If you answered yes to all the questions, then congratulations! You have that appetite for bad news. Here are the three principles I used on myself as I dealt with Ryan and the problem.
The first principle is to reflect:  What makes you respond the way you respond?

Suppose that whenever your people brings you bad news, you get rattled, irritated, or panicky. You know you are supposed to respond better, but didn’t.  Why is that?  One answer is that you have some emotional trigger inside you. The problem is the finger that pulls the trigger. Your poor response is the gunshot that wounds the messenger.

Speaking for myself, I’m a big believer in personal branding. My goal is to be known as a superbly competent leader. Then the lubricating oil problem comes along and my factory will  grind to a halt. My goal is threatened. I can’t stand the thought that I will be seen as a grossly incompetent leader. Thus, I can react with panic, anger, or dismay.

Such self-awareness is the first step towards being a leader we want to be. If we know how our goals affects how we respond to problems, we can make the problem work in our favor. I take my negative triggers and flip them into positive mindsets. Going back to my example, if I solve the oil problem well, then I will be even more known as a competent leader.

But reflection is not enough. We do not work by ourselves; we work with other people.
This second principle is to relate.  What kind of relationship do we want?

This is a great question for any relationship, such as husband-wife or parent-child. But for this article, I will limit it to the workplace. What kind of a team do we want to lead? What kind of people do we want to report to us? In my case, I want to have a high-performing crew, very motivated to tackle any issues that come along.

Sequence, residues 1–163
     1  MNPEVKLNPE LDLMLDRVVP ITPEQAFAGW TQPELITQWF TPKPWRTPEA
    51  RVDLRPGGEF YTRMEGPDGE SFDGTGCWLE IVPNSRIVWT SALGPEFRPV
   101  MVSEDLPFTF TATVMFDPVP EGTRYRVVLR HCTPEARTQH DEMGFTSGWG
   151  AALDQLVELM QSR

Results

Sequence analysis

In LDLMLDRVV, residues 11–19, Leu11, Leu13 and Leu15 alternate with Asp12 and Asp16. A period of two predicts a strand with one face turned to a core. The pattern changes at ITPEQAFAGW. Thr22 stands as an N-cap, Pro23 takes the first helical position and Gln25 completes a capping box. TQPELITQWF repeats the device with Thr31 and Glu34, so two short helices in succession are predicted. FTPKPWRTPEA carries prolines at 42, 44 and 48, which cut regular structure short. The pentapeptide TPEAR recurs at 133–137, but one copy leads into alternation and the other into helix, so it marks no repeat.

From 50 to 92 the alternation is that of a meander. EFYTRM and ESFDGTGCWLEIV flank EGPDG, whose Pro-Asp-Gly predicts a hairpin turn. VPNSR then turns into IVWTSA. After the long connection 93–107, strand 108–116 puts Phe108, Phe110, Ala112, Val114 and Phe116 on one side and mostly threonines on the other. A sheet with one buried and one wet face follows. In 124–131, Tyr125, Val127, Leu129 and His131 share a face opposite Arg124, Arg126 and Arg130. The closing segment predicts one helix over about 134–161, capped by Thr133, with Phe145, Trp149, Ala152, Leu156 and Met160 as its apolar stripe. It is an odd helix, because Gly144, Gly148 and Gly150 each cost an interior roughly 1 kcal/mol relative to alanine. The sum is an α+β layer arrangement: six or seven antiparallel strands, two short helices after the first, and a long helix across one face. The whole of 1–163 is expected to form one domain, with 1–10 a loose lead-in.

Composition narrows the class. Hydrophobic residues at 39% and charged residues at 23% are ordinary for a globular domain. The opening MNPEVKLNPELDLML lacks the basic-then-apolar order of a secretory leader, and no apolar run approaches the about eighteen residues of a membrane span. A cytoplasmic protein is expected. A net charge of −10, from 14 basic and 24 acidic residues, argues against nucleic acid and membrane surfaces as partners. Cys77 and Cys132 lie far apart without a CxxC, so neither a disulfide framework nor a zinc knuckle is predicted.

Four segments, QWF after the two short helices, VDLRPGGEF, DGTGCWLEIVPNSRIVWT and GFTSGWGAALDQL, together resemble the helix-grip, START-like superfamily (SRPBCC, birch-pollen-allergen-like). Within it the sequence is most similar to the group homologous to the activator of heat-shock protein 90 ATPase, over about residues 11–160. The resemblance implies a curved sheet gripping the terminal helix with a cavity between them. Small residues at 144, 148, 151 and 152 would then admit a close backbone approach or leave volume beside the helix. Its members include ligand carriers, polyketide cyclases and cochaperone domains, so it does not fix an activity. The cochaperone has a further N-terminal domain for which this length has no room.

When Ryan told me the problem, I was tempted to show how upset I was. But I was thinking, “If I did so, how would it affect our working relationship?” I would be sending a signal: “Don’t spoil my day. I don’t want to hear about problems.  Deal with them yourself.”

Imagine had I responded with dismay: “Oh no, what’s the problem this time?”

If I were to answer Ryan in those ways, what do you think will happen? Chances are, he will think twice before opening up to me. Worse, he will procrastinate until it’s too late, when the problem has become too deep, too big, or too expensive to fix.

But when I responded, “Go ahead, let’s talk about it” that actually empowers him to be open, to think positive, to feel psychologically safe, to be creative in problem-solving. I was sending a signal “Don’t worry about displeasing me or feeling like a failure. You can come to me anytime with any problems. Remember, I have an appetite for bad news.”

When we respond calmly and constructively, we create an environment where we can move forward rather than shooting people down.

The first principle reveals your inner world. The second principle makes you aware of how your response style affects your working relationships. But what about the problem itself?